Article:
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Home Cashflow Business Blog Not-so-annual leave: How massive annual leave balances impact your cashflow

We all need to take a break sometimes. Taking the time out to get away for the weekend or an extended period can reduce your stress levels, extend your lifespan, and lead to improved workplace productivity, says Australian Unity. With such incredible benefits to be found in taking a break, it comes as somewhat of a mystery that Australians are failing to use their annual leave.

Over half (52 per cent) of Australian workers did not use their entitled annual leave over the past 12 months, according to Xero. As a result, the great Australian holiday balance has inflated to over 111 million total days of unused annual leave each year.

So, what does the trend of workers accruing massive amounts of annual leave mean for small business owners?

How huge annual leave balances can affect your cashflow

Accrual of annual leave has the potential to put your cashflow at risk.

Accrual of annual leave has the potential to put your cashflow at risk. Should one or more employees resign with a stockpile of holiday hours to be paid, the resulting payout could set your working capital back by a considerable amount.

Similarly, multiple staff may ask for extended periods of entitled leave at the same time. If you aren't able to satisfy reasonable requests for holidays, it can cause disillusionment amongst your staff and ultimately impact morale across the payroll.

It's important to get away every now and then - make sure your staff are taking leave regularly.
It's important to get away every now and then - make sure your staff are taking leave regularly.

How to avoid letting your staff accrue too much leave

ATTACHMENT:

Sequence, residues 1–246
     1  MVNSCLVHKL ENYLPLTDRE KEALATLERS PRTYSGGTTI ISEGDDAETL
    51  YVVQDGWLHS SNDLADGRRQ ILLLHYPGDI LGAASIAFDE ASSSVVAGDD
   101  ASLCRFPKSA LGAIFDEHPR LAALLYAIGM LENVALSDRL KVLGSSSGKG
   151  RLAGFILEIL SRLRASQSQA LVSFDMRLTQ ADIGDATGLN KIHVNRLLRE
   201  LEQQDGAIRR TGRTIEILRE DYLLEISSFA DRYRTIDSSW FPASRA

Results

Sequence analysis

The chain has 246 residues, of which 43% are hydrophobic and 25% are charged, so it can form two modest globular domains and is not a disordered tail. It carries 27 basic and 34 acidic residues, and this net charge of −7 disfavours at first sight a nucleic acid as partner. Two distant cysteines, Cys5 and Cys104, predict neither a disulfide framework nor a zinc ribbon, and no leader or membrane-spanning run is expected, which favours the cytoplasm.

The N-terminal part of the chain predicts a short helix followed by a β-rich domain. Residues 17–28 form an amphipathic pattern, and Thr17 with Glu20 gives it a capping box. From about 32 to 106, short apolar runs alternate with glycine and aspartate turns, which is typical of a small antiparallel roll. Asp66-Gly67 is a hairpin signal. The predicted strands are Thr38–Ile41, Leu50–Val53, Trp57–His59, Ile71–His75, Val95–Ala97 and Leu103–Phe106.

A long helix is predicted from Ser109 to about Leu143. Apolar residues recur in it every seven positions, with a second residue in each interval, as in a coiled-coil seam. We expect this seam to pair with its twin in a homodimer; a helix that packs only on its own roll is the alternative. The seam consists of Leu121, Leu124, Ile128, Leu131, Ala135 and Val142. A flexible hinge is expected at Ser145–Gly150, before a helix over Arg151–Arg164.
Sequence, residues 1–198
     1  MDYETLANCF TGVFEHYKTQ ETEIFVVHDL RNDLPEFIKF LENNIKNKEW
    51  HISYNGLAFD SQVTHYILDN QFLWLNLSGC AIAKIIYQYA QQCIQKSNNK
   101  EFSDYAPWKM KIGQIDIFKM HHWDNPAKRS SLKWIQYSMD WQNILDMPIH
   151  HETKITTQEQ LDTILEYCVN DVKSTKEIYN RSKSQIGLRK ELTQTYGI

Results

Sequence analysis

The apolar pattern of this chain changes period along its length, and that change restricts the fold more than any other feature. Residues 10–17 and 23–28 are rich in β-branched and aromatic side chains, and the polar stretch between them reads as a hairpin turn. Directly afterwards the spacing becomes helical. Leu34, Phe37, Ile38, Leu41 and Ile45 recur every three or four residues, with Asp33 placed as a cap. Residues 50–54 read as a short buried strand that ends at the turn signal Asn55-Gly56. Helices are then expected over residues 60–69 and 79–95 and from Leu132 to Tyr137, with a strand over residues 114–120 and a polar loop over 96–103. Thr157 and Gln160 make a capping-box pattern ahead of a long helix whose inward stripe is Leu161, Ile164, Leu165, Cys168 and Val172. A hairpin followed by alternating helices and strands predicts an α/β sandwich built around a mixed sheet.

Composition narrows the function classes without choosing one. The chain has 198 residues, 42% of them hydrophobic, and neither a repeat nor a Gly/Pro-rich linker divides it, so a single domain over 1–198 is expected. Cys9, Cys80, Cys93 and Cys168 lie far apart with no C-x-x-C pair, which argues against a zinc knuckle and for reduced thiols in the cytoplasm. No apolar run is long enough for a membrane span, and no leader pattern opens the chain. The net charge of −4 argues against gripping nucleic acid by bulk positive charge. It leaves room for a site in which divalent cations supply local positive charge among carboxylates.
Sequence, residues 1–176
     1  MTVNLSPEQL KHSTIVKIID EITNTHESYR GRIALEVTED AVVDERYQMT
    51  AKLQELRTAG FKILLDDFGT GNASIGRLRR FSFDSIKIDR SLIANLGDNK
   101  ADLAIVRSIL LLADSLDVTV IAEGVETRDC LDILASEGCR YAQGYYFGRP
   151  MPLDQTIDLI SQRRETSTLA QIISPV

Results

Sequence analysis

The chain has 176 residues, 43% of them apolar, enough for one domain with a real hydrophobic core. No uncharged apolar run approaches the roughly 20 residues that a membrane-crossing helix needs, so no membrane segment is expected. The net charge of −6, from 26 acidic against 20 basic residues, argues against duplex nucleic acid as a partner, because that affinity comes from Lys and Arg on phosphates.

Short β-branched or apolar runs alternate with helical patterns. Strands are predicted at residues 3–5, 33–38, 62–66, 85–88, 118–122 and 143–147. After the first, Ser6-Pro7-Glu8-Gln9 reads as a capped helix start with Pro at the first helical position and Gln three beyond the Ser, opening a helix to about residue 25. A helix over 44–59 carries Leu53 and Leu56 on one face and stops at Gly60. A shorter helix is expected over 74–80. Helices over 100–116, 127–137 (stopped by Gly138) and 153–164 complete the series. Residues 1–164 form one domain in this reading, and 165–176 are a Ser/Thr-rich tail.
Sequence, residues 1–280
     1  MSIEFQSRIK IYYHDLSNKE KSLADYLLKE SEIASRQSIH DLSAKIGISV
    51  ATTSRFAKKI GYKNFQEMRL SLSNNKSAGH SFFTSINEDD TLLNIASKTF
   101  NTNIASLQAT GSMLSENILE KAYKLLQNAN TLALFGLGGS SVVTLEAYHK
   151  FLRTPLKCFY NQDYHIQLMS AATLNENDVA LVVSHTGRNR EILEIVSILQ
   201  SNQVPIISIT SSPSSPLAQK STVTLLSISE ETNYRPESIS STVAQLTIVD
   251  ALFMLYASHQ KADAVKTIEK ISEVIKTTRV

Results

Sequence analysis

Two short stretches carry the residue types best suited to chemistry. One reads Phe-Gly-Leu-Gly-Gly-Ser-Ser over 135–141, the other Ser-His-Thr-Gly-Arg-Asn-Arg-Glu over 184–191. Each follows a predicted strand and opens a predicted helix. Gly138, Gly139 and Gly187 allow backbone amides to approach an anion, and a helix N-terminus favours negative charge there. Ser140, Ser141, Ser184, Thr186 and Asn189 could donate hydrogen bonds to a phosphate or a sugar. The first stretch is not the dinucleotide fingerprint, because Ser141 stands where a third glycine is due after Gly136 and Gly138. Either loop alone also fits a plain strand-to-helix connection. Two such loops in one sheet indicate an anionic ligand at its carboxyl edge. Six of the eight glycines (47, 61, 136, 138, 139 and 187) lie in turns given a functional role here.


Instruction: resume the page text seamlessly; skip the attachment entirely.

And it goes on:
A considerable 22 per cent of Australian employees are owed five or more weeks of leave, according to Roy Morgan. Such employees in the manufacturing and wholesale industries are most likely to not have any plans to take a holiday in the foreseeable future.

Fortunately, business owners do have the power to manage the amount of leave their staff have piling up. Depending on your industry, you have the option to:

  1. Direct your staff to take a holiday; or
  2. Negotiate a payout of excessive leave.

When directing your staff to take leave, be sure to check the specific regulations which cover your industry.

The Fair Work Ombudsman's website provides industry-specific information regarding the enforcement of leave. For example, for most of the manufacturing industry, excessive leave is defined as eight or more weeks. Employees may be directed to take at least one week's worth of leave, and cannot have their balance reduced to less than six weeks.

You may instead wish to simply pay the excessive balance to your employee when it's more convenient to you. Annual leave cash-outs must be agreed upon by both you and your employee, and cannot leave the staff member with less than four weeks of leave.

When choosing to direct your staff to take leave, be sure to check the specific regulations which cover your industry.

With a debtor finance solution, you'll be better prepared to face hefty annual leave payouts.
With a debtor finance solution, you'll be better prepared to face hefty annual leave payouts.

What to do if you owe a large AL balance

If the unfortunate has occurred and you've found yourself owing a huge lump sum of annual leave to a departing member of staff, you could find yourself struggling with your cashflow.
When this happens you may need access to as much of your outstanding debts as possible. Using a debtor finance facility such as Cashflow Finance helps you to get to the cash tied up in your debtors' books.

Thanks to our 24-hour turnaround, you'll be able to receive up to 80 per cent of your invoices in next to no time. With cash in your hands, you can settle outstanding leave commitments in a timely fashion and avoid disputes with former staff.

To discuss your business financing options, get in touch with us today.

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